Vice President Yemi Osinbajo has said that it is inevitable for Nigerians to pay more for electricity consumed.
Osinabjo on Monday at the Sixth Presidential Business Forum held at the Banquet Hall of the Presidential Villa, Abuja, said “Listening to questions concerning lower tariffs, we must pay higher tariffs, these sorts of things are inevitable.”
The last time the issue of electricity tariff was raised in 2016, the Senate directed the Nigerian Electricity Regulatory Commission (NERC) to suspend the tariff hikes immediately.
The vice-president through a statement by his media aide, Laolu Akande, said that the government is trying not to increase electricity tariff immediately.
“What we are trying to do is not increase tariffs for now, but how we can ensure we clean up the entire value chain. I’m sure you are aware of the Payment Assurance Guarantee (PAG), which we put in place for over N700 billion to ensure gas is paid for and for liquidity in the whole value chain.
“Today, we will be meeting with the World Bank on a scheme they have been working with us on to fund the entire value chain, and ensure we transit smoothly from where we are, to a much more market-determined policy for electricity. This will involve a fair amount of subsidy and help; the Federal Government and World Bank are working together on that. There is no way of sustaining the current subsidies long term, but we want to ensure the process is smooth.”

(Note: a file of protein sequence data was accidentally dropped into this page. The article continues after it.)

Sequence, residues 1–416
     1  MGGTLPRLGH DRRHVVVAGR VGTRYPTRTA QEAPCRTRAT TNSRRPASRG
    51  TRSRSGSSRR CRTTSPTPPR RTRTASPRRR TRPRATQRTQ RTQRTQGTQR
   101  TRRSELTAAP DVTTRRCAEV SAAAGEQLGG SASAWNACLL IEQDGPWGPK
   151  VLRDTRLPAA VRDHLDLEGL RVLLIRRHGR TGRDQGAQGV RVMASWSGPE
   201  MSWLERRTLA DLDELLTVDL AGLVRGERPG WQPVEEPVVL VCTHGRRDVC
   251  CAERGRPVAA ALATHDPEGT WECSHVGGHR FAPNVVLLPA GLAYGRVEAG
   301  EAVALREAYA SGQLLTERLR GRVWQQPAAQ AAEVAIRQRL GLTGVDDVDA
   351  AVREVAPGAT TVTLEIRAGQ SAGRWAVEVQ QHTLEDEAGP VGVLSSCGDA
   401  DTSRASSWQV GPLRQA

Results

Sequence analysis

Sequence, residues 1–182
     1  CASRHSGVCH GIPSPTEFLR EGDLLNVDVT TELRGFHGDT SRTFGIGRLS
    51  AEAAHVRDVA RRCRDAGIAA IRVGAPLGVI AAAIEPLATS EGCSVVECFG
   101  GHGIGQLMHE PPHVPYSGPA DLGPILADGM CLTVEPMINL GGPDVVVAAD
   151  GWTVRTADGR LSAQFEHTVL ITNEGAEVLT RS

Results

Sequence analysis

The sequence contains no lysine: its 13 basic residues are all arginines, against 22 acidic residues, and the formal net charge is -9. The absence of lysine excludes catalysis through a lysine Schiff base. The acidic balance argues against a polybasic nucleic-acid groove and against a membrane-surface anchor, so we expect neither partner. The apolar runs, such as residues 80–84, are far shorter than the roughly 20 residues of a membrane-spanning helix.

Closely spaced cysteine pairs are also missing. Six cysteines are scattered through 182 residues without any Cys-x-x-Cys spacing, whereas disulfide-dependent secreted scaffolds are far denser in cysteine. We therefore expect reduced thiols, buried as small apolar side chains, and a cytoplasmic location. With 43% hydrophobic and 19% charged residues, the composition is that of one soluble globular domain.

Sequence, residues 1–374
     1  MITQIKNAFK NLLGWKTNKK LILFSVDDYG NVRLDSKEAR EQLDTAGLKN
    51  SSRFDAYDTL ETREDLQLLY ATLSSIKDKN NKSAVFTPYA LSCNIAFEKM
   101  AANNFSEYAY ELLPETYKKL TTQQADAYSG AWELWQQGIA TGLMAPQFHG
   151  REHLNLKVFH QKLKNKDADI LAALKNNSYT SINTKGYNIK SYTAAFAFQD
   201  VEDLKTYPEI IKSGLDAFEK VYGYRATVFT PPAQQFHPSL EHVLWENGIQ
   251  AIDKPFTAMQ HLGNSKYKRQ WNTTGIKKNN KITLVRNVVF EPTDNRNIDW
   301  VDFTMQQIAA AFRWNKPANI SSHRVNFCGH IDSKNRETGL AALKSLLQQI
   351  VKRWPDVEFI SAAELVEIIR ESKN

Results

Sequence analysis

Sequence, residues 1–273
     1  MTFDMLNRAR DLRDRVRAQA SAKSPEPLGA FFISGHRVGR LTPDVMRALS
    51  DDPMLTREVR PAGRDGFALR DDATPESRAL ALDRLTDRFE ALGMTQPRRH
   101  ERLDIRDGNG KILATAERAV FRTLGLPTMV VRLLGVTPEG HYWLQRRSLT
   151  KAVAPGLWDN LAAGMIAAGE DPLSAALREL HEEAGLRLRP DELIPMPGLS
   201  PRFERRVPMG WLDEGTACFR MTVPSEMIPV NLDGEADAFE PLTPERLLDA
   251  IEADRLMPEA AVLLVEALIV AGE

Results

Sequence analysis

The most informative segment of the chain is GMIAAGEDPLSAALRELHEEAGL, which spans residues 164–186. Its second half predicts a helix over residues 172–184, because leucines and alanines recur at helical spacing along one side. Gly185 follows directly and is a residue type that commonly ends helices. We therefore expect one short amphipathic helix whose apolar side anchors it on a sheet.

This is really a course for concern for Nigerians since they cannot boast of uninterrupted power supply for 24hours. In Lagos state alone the power situation is in a terrible state. People pay so much for less, there are no prepaid meters available to be distributed and the Power Holding Company of Nigeria (PHCN) officials bring crazy bills without reading meters. Imagine travelling out of the country for three months only for you to return and find out that power has been disconnected from your house but yet you have to pay for the light that you didn’t use.
The questions that beg to be answered are, should the government be talking about increasing electricity tariffs at a period when the country is coming out of recession? Should they not focus on providing solutions to the present problems which consumers face, such as crazy billing and a lack of access to electricity and prepaid meters, rather than increasing electricity tariffs?
SOURCE :The Nigerian Voice (business)